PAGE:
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How to Do Donkey Kicks
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Donkey kicks are a butt-blasting exercise you can do at home or at the gym. The upward-driving kicks, performed from a hands and knees position, target your glutes, but also work your hamstrings, hips and core. The weight of your legs provide resistance to strengthen these muscles as you push up against the downward force of gravity. You don’t need equipment for donkey kicks, however dumbbells can be added for an advanced version.
When To Kick
Include donkey kicks in your workouts on the days you perform lower-body or glute-targeted exercises. You can replace squats or lunges with donkey kicks for a change in routine or include donkey kicks as an additional exercise. Aim to complete two to three sets of 10 to 15 repetitions on each leg or do as many donkey kicks as you can until your glutes feel fatigued. When you perform donkey kicks as your first or only exercise, warm your glutes with three to five minutes of gentle, full-body movements, such as walking or marching in place. Whether performing the beginner or advanced kick, add the exercise to your routine two to three times a week, with a day of rest in between sessions.
In preparation for donkey kicks, set down an exercise mat for comfort and assume a hands-and-knees position. Your knees should be directly below your hips, with your shins parallel and space between your feet. Place your hands on the mat under your shoulders. Keep your arms straight, but avoid locking your elbows. Your spine should be aligned and your back flat, not rounded up or arched down. It helps if you engage your core and pull your navel toward your back to support this posture. Protect your neck by looking at the floor space between your hands. Raise your bent right leg off the floor and flex your right foot by pulling your toes toward your shin. Keep your knee bent at a 90-degree angle so your foot is directly above your knee, which contracts the hamstrings. Squeeze your glutes and push up with your right heel until your thigh is parallel with the floor. Maintain the kick for a count of one and then return to the starting position. Switch legs and repeat the kick with your left leg. Alternate the bent-knee kicks until you complete your desired number of repetitions.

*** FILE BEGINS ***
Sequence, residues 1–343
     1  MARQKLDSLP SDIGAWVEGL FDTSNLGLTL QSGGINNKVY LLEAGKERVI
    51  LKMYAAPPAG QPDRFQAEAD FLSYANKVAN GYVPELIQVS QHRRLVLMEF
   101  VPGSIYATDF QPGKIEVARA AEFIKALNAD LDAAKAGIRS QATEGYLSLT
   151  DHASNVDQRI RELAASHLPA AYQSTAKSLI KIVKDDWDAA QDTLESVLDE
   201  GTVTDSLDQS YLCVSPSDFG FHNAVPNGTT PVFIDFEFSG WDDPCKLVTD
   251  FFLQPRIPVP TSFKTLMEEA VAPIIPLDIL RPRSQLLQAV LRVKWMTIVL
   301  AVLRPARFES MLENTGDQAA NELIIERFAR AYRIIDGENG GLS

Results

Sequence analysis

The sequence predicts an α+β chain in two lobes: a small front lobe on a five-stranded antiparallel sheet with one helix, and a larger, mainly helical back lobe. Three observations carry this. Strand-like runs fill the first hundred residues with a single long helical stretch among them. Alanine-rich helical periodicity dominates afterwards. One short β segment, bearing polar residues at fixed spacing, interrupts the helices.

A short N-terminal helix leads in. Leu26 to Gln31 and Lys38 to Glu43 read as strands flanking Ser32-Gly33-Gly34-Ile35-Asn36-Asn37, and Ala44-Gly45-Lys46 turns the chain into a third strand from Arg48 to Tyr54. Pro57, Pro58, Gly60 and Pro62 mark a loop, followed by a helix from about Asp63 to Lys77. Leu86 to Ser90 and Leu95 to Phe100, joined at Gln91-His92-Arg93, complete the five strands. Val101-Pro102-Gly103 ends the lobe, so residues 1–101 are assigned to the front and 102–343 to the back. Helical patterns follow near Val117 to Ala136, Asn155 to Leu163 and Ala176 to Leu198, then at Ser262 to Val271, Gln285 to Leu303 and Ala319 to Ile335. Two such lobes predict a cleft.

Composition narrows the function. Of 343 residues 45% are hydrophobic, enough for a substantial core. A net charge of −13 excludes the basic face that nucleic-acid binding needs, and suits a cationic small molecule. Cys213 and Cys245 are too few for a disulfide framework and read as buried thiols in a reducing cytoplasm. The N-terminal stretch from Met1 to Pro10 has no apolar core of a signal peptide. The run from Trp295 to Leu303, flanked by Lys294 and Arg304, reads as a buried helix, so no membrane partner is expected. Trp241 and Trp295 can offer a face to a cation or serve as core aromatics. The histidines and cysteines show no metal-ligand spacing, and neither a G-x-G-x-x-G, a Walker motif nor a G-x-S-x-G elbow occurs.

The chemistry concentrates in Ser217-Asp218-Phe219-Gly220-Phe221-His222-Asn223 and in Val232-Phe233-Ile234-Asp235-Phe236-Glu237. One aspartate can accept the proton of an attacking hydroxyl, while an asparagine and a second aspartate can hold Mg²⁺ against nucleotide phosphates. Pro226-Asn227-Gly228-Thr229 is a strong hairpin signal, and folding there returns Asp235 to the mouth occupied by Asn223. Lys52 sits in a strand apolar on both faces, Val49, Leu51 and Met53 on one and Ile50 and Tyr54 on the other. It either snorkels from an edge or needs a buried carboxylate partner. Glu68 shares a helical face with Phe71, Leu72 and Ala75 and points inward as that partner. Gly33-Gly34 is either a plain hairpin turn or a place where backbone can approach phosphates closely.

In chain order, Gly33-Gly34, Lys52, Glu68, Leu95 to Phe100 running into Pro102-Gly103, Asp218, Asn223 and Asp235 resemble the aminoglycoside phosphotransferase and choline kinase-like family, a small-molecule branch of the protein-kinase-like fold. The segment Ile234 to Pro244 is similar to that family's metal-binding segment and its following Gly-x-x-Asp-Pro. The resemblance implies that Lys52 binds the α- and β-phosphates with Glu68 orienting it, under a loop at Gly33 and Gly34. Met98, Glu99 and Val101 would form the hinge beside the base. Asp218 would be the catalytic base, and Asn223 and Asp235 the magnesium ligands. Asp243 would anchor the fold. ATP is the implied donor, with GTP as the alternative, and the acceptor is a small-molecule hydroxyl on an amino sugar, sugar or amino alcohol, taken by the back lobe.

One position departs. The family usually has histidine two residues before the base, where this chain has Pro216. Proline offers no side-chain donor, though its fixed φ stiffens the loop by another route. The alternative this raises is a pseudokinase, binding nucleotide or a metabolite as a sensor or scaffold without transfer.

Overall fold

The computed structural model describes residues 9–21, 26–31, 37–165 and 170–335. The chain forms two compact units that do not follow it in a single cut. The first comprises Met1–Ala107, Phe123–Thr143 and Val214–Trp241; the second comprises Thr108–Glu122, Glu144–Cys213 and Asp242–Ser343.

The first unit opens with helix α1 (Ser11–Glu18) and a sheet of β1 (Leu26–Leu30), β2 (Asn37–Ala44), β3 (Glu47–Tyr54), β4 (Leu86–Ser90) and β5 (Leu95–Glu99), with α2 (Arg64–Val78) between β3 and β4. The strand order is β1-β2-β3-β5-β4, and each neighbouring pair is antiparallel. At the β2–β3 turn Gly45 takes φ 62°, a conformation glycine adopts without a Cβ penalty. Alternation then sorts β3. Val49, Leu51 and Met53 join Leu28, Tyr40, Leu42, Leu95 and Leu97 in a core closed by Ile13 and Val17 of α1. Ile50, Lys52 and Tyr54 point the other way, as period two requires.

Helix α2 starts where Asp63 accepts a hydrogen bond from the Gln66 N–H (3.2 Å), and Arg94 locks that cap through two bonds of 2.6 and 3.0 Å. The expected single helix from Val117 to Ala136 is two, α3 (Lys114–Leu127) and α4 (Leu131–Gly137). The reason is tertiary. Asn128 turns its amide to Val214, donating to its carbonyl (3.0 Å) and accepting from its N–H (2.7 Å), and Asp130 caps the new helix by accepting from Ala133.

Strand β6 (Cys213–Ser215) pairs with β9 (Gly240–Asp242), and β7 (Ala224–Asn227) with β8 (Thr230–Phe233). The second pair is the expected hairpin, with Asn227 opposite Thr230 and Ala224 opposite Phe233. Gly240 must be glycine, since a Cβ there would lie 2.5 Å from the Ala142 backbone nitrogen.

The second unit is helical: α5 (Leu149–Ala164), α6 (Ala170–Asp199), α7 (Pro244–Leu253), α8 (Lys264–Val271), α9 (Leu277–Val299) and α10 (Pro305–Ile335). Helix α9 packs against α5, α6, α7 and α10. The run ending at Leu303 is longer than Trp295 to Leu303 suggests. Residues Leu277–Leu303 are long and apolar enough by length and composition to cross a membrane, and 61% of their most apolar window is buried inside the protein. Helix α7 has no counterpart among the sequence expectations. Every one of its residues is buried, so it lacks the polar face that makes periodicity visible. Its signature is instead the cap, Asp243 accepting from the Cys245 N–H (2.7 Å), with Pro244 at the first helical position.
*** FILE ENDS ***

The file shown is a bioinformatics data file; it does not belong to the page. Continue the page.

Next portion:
If your form changes and your elbows bend or your back sags, decrease the range of motion in your donkey kicks. For example, instead of raising your leg until your thigh is in line with your hips, only lift your leg half way. This decreases the intensity of the kicks. On the other hand, when you need to increase the challenge, you have the option of completing all the repetitions on the right leg before switching to the left. Another way to advance donkey kicks is to place a light-weight dumbbell in the knee pit of the leg you are lifting. Select a weight that causes muscular fatigue after 10 to 15 repetitions.
It is common, but not recommended, for your back to sag or your hips to shift when you perform donkey kicks. This posture change alters the effectiveness of the exercise and can also lead to lower-back discomfort. To avoid this shift, target your glutes, stabilize your abdominals and protect your back, use a broomstick or other light-weight bar to signal when the change occurs. For example, in an all-fours position, place the bar across your lower back so it is perpendicular to your spine. Perform a donkey kick. If the bar moves more than slightly or it if it rolls forward or backward, you are altering your position and should limit the range of motion on your kicks until your strength improves.
A mother of two and passionate fitness presenter, Lisa M. Wolfe had her first fitness article published in 2001. She is the author of six fitness books and holds an Associate of Arts in exercise science from Oakland Community College. When not writing, Wolfe is hula-hooping, kayaking, walking or cycling.